with < My Thoughts > by Sara Luker
Williams (2010) wants us to know that when mainstream America catches a cold, communities of color catch pneumonia. This applies particulary when it comes to autism and other developmental disorders. Children of color are more often misdiagnosed or not properly treated for these disorders than their 'White' counterparts. "My son was diagnosed when he was 2 years old. I'm connected to mainstream media, but I had never seen people of color with autism. That was when I saw a need for autism information in our community," she said.
Burkett, et al. (2015) believe that cultural factors such as 'limited health care access' impacts timely diagnosis and treatment for African American children with autism. This health care disparity delay is said to be 1.6 years behind that of a Caucasian child's diagnosis. And, is more likely to first be diagnosed as an intellectual disability, rather than an autism diagnosis.
Children of color are more often misdiagnosed, compared to other children. Also, certain cultural differences may distort the interpretation of the family’s reporting of their child’s symptoms. And, may confuse the severity of the diagnosis, and create a diagnostic bias.
Historically, inequities in healthcare persist in many disenfranchised communities. Other healthcare disparities may include whether or not families become immobilized when getting the ‘autism’ diagnosis. While most parents of newly diagnosed children search online for information and direction, many families of color do not have internet access.
Krezmien, et al. (2017) know that maladaptive behaviors such as verbal and physical aggression of school age African American children will be dealt with by suspending them from class. Suspension will happen before the school system would begin identifying them with a developmental disability such as autism. Disciplinary suspension of children does not improve the outcome, in fact this disciplinary action may become especially harmful for children with autism or intellectual disabilities.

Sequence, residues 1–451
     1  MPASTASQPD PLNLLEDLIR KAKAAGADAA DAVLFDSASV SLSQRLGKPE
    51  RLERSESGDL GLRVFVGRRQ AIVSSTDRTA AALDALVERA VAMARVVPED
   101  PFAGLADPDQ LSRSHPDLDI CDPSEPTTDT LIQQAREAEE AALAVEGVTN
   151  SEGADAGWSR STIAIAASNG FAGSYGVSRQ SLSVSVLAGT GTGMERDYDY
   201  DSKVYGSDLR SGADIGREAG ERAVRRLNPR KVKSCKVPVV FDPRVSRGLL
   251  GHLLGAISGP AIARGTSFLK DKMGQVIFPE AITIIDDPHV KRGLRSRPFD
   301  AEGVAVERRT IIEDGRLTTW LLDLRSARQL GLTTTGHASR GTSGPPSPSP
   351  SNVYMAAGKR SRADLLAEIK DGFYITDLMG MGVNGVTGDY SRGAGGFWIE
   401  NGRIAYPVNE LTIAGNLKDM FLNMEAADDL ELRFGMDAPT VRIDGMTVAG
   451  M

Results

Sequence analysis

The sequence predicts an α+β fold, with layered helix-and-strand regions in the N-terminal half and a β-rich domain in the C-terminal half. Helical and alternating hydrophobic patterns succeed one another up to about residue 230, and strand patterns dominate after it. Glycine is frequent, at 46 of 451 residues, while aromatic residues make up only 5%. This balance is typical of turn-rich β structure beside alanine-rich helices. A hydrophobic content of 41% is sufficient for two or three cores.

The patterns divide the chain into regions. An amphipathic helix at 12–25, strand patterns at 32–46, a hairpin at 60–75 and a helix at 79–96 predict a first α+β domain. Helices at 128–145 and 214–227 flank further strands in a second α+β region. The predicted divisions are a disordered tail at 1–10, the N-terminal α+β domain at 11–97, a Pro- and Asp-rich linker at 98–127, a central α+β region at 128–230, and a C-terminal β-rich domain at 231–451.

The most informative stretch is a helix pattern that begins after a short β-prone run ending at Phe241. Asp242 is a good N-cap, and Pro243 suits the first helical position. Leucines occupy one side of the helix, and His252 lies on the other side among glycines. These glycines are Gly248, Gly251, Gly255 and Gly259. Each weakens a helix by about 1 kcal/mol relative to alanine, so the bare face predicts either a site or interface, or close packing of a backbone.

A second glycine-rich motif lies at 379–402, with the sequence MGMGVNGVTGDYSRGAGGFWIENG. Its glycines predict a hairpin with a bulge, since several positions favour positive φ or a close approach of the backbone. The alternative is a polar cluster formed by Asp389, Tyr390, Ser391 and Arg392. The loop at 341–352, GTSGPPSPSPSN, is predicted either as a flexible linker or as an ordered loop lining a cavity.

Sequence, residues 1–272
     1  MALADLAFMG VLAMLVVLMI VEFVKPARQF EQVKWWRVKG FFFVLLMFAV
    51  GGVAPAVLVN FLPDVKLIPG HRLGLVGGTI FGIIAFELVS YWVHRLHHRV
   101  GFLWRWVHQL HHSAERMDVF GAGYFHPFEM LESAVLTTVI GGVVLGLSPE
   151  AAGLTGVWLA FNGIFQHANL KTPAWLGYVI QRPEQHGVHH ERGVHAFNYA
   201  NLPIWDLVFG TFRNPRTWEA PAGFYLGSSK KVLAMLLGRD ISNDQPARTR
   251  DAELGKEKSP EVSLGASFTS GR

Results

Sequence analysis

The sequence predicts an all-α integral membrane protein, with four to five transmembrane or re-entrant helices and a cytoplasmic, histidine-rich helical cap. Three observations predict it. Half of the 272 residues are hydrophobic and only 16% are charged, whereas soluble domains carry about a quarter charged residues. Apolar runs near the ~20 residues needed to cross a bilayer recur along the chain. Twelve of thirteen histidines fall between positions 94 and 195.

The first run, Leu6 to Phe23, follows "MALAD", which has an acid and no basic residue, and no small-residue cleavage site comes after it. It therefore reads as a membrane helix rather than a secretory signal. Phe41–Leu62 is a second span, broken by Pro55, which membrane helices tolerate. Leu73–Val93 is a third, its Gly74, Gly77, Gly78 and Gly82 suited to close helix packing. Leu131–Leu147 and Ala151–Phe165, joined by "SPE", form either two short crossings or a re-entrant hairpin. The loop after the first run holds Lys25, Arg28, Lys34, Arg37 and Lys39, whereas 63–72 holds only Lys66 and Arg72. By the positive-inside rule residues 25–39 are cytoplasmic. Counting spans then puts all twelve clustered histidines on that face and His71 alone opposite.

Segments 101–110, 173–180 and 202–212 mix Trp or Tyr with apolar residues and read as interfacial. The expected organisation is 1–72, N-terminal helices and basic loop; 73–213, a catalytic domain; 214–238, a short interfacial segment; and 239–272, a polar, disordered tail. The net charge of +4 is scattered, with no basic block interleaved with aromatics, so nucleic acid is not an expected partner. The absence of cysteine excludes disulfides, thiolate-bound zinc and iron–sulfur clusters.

< My Thoughts > “…children with autism or intellectual disabilities.’’
Verbal and physical aggression in school age children from any culture is often a ‘response’ to unidentified ‘learning disabilities’, sensory issues’, and/or autism. In most cases, the child doesn’t want to 'give you' a bad time – the child 'is having' a bad time!
Note: Writing, using and quoting the necessary semantics such as – children of color, Black, White, African American, Caucasian, 'other', etc. – has always been uncomfortable for me. Now I can add to that list, children with autism, autistic, atypical, neuro-typical, etc.
Ben-Sasson, A., Cermak, S., et al. (2007). Extreme Sensory Modulation Behaviors in Toddlers with Autism Spectrum Disorders; American Journal of Occupational Therapy; V61; p 584-592.
Burkett, K., Morris, E., et al. (2015). African American Families on Autism Diagnosis & Treatment: The Influence of Culture; Journal of Autism & Developmental Disorders; V45, p3244-3254.
Kremien, M., Travers, J., et al. (2017). Suspension Rates of Students with Autism or Intellectual Disabilities in Maryland from 2004-2015; Journal of Intellectual Disability Research; V61:11, p1011-1020.
Williams, J. (2010). Autism Hits Hard In Communities of Color; New York Amsterdam News; V101:18, p29.